That is the address of an Amazon server that a service that you have used online is on - it might even be this very support forum.
Yes, I understand that this is an Amazon server, that's why I posted this question. What I don't understand is WHY Firefox connects to this server, again and again, even if there's NO ACTIVE WEBSITE, NO ACTIVE EXTENSION, nothing running on Firefox at all.
If you can confirm that Firefox has no link with this specific kind of server, that might be helpful.
If you can confirm that this is not Mozilla, could it be something bad like connections a malware could establish ?
When you run Firefox yourself, do you see this connection, or one similar ?
If not, it will start to make sense.
I understand that this forum and support platform runs on an Amazon server, likewise it is also possible that the telemetry from Firefox is also on that platform. This support article will help if you wish to turn this off https://support.mozilla.org/en-US/kb/telemetry-clientid
The only way to be 100% sure you are not going to connect to an AWS server is to essentially cut yourself off from the web. AWS is widely used by a large part of the web legitimately and without problem.
Telemetry is one of the first thing I disabled when I installed, so it's not about that. Also, it can't be the forum, since these connections happens as soon as I start the browser, on a blank page, and last til I close the browser. When I open it again, it uses a different address, always amazon.
I tried to disable every things mentionned in the link I posted in previous answer, with the about:config tool, and nothing worked.
In case this has nothing to do with Mozilla features, is it possible for someone, like a hacker, to edit the list of connections that happens in the browser ?
Do you have Firefox Sync enabled?
No, it's not. No sync, no telemetry, no extension: I set launch page to https: so it launch on blank page but no matter what page I choose to start with, it still connects.
Do you see any connections happening on your computer when you start firefox that could be linked with this ? If it's just me, then I'm at the wrong place...
If I wanted to recreate what you are seeing, what would be the steps I would need to follow?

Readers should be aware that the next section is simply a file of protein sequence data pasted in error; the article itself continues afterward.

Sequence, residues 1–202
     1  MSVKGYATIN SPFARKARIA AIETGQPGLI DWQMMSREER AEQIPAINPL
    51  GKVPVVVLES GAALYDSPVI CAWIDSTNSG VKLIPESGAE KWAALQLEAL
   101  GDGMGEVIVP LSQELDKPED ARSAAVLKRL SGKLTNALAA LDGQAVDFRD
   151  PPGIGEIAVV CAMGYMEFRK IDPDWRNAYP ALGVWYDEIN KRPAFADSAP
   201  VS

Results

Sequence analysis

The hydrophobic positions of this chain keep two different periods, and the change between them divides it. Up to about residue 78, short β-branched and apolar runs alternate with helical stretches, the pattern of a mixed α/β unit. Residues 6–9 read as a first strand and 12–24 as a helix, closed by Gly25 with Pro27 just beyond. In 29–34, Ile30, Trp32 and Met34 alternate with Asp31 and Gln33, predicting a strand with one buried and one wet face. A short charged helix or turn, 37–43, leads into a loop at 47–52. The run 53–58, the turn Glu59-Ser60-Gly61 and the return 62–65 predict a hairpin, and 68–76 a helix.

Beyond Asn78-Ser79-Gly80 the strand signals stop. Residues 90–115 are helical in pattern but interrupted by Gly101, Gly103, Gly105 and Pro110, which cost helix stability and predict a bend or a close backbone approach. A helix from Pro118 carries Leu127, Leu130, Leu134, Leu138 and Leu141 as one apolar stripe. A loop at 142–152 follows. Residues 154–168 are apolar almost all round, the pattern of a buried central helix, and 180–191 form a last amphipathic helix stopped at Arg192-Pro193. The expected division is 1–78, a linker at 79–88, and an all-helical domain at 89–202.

Launch page = https:// ( no website ) it will launch on We cannot find this page, or something like that. Tracking protection almost maxed out on custom: Cookies = block tiers, in every windows Do not track checked. Certificate validation not checked. H264 disabled, no other extention No password saving, Location, cameras, microphone, everything disabled. Pop-up blocker on Disabled telemetry and dangerous websites protection disabled too. Search: Duckduckgo, no suggestions., all the others search engines unchecked. uncheck everything in Home Page settings Update for addons are disabled No typing correction No DRM No suggestions at all
I noticed that manually searching for update, for the browser, create a new connection, so it's not about updates.
Then, I track connections happening on my computer with Windows PowerShell launched as Admin: The command I use is netstat -bof, and right now it show me two connections of this kind, but I assume that one of them is the forum.
The other one is the unknown.
There's also googleusercontent and cloudfront, but I know this one are because I'm running this forum.
It could be: - A known feature - An unknown feature, - Malware related, but scans do not detect anything.
The probabilities for this to be linked to a known feature are actually getting low, but not impossible yet.
One of the big difficulties with determining the reason for a connection is that the original request -- with the relevant host name and URL -- is generally not shown in the connection list, only the canonical host name of the AWS server.
Are you able to use an HTTP proxy to track connections from Firefox? I used to use Fiddler (now called Fiddler Classic) but I've forgotten the details on how to get the information you need, and with all the new products, I don't know what would work best for this.